(2022-07-28) Johnson Douglas Engelbart Hidden Heroes
Steve Johnson: A Machine for Thinking: How Douglas Engelbart predicted the future of computing. (Hidden Heroes) In the fall of 1945, a 20-year-old electrical technician named Douglas Engelbart arrived at an American base in the Philippines on his first assignment for the Navy
During one of those solitary spells in the Red Cross Library, Engelbart picked up an issue of Life Magazine, which happened to feature an essay by the legendary engineer and inventor Vannevar Bush, then head of all R&D for the Army. The essay had a somewhat obscure title—“As We May Think”
25 years later, Engelbart would introduce the very first machine to live up to Bush’s original vision of the Memex.
By the late 50s, he had taken a position at Menlo Park’s Stanford Research Institute (SRI), a nonprofit that had been founded a decade before to drive innovation and economic activity in the Bay Area.
Engelbart realized that the technology had finally advanced far enough to begin thinking about building something real. A grant from the Defense Department funded an early memo that he published in 1962, “Augmenting Human Intellect: A Conceptual Framework.” In its opening paragraphs, he laid out the stakes.
On the strength of his manifesto, Engelbart secured support from SRI to open a lab at the institute, which he called the Augmentation Research Center
The first video game, Spacewar!, had begun circulating through labs around the country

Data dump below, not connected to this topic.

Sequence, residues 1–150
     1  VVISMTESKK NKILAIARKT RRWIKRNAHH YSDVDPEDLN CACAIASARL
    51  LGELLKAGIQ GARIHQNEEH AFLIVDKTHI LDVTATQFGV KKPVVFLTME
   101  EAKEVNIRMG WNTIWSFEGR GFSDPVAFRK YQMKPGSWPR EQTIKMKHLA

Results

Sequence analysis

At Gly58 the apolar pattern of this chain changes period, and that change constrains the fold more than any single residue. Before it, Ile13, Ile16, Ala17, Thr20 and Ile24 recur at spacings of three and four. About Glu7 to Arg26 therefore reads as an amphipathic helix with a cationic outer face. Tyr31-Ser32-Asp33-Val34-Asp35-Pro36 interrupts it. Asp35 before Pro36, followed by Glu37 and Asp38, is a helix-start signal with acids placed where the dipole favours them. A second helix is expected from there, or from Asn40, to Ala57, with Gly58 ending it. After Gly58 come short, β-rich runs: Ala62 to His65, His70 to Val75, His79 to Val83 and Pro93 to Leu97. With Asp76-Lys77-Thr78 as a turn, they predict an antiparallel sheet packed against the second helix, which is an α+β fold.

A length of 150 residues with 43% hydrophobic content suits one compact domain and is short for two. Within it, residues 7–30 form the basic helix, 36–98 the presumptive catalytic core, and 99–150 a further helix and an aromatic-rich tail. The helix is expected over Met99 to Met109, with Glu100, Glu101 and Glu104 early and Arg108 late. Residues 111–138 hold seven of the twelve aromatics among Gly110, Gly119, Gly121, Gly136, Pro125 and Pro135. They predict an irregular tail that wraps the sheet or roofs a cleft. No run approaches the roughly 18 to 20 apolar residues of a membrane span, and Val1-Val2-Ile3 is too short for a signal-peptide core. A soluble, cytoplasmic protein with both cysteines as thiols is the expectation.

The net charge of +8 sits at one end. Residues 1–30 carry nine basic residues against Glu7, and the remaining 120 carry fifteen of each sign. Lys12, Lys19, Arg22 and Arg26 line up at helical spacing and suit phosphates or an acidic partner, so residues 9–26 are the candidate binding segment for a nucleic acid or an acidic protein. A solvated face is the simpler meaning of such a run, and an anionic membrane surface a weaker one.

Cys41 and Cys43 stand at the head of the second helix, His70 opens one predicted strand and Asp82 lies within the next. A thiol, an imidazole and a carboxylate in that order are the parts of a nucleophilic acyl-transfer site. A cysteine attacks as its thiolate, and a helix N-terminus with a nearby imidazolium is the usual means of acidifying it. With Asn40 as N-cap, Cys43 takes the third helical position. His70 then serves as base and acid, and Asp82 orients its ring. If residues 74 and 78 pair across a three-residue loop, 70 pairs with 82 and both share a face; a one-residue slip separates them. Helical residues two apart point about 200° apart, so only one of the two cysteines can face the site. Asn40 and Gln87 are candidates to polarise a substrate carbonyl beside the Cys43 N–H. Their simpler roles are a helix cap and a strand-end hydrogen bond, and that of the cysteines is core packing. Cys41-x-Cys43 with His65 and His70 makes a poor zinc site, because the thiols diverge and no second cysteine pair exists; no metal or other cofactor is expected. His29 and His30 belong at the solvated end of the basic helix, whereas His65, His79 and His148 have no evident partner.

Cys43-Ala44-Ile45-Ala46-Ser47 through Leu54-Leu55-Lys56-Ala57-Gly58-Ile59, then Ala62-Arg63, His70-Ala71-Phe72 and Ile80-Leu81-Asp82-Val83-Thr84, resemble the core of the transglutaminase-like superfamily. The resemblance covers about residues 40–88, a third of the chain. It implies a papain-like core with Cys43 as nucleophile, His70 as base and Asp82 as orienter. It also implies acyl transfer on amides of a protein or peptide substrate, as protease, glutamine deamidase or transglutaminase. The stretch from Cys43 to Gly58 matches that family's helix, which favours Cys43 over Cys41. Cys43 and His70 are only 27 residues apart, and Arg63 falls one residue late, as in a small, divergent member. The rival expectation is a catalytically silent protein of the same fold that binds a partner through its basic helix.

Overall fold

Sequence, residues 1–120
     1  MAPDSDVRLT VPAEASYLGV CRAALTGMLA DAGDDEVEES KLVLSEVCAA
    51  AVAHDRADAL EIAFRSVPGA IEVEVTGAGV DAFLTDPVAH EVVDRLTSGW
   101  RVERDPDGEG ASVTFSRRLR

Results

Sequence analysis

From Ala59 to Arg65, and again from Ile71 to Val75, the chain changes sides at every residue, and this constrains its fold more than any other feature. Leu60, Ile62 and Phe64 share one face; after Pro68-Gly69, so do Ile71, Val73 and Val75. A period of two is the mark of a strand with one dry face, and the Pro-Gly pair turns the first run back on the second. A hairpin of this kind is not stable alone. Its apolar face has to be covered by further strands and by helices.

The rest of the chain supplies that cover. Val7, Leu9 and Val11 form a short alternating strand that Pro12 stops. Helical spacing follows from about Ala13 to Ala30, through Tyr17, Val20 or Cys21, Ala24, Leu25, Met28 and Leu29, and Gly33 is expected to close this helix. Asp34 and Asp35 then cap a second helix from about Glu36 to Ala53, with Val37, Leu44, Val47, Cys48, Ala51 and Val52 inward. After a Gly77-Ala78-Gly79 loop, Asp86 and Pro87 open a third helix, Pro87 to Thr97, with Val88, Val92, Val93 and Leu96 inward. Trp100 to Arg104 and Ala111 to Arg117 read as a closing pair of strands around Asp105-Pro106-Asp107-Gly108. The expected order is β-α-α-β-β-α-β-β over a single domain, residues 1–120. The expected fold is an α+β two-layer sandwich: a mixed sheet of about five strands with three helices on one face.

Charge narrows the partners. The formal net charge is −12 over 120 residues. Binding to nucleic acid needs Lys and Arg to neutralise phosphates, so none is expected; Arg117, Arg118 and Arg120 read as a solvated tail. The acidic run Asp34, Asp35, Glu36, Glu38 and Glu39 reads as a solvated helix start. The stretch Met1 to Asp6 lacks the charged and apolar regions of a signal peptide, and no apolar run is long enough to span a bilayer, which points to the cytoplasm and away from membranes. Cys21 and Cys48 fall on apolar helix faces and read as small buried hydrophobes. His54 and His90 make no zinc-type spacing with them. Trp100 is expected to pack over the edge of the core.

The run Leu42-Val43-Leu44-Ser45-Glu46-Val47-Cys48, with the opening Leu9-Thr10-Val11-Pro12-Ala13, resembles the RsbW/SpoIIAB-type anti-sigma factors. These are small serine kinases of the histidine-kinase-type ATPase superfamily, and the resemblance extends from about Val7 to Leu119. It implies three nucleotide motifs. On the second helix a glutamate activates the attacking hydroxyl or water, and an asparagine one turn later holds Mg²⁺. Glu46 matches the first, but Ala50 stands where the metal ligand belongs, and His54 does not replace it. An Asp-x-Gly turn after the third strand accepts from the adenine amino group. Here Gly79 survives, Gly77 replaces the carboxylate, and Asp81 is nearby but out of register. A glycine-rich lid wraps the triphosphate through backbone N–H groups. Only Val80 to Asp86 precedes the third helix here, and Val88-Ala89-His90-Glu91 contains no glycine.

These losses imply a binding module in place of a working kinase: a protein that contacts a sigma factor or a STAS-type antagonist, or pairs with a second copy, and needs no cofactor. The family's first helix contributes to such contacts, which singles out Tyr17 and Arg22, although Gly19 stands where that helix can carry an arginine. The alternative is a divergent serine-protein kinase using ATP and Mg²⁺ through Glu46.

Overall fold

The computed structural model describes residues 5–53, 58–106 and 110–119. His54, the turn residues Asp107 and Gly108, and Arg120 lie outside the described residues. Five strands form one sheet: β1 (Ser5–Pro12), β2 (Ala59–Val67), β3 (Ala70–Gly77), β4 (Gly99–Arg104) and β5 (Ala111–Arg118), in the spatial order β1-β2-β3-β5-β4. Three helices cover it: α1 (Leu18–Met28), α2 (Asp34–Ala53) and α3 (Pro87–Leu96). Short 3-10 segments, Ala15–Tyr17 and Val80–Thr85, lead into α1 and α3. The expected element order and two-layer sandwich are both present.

Spacewar! was originally created by a group of grad students at MIT in 1961. The university had just acquired a state-of-the-art “minicomputer” called the PDP-1
would go on to be the direct inspiration for one of the first mass-market arcade games, Asteroids, created in the 1970s by the pioneering video game company Atari.
Working with his first colleague at the Augmentation Research Center, the engineer Bill English, Engelbart started tinkering with controllers that would allow users to manipulate information directly on the screen, instead of simply typing commands
While Doug Engelbart rightly gets the credit for the visionary thinking that led to the first mouse-driven graphic interface, it was in many respects the engineering genius of Bill English that brought Engelbart’s vision to life
English later moved on to work at the legendary Xerox PARC lab
The advent of computer monitors made it clear that text could be liberated from the fixed, linear structure of the printed page
Supported by funding from DARPA, the Defense Advanced Research Projects Agency—which would go on to provide the initial funding and technical support for the Internet a few years later—Engelbart developed a software environment that he called the On-Line Text System, later abbreviated to NLS.
Slowly word began leaking out of SRI that Engelbart had been cooking up some intriguing tools in his Menlo Park Lab, and at some point in 1968, he secured an invitation to speak about his work at a conference of computer scientists being held in downtown San Francisco
Instead of telling the audience about his invention, what if he could actually show them how it worked in real time? There was just one problem: the computer that ran NLS was an SDS-940, an immovable mainframe sitting in the SRI offices in Menlo Park
There were no high-speed internet cables to connect them, no satellite feeds.
A few decades ago, the musician and artist Brian Eno coined a term to describe the collective IQ of creative hubs at their peak: Florence in the 1500s, Harlem in the 1920s. He called that group creativity “scenius”.
Stewart Brand pulled into town, fresh from spearheading the early days of psychedelia in Haight-Ashbury with his legendary Trips festival, driving a Dodge truck filled with eclectic gear—electronic equipment, farming tools, books—that would soon be featured in the pages of the Whole Earth Catalog
Brand was also in the middle of producing a multimedia art installation called WAR:GOD.